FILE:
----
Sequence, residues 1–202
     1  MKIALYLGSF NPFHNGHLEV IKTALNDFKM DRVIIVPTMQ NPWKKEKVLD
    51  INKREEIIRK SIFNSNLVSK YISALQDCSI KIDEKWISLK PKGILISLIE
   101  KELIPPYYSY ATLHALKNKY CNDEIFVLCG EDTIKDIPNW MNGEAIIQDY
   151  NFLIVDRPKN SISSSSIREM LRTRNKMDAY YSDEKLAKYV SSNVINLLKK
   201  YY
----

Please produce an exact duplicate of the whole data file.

Sequence, residues 1–202
     1  MKIALYLGSF NPFHNGHLEV IKTALNDFKM DRVIIVPTMQ NPWKKEKVLD
    51  INKREEIIRK SIFNSNLVSK YISALQDCSI KIDEKWISLK PKGILISLIE
   101  KELIPPYYSY ATLHALKNKY CNDEIFVLCG EDTIKDIPNW MNGEAIIQDY
   151  NFLIVDRPKN SISSSSIREM LRTRNKMDAY YSDEKLAKYV SSNVINLLKK
   201  YY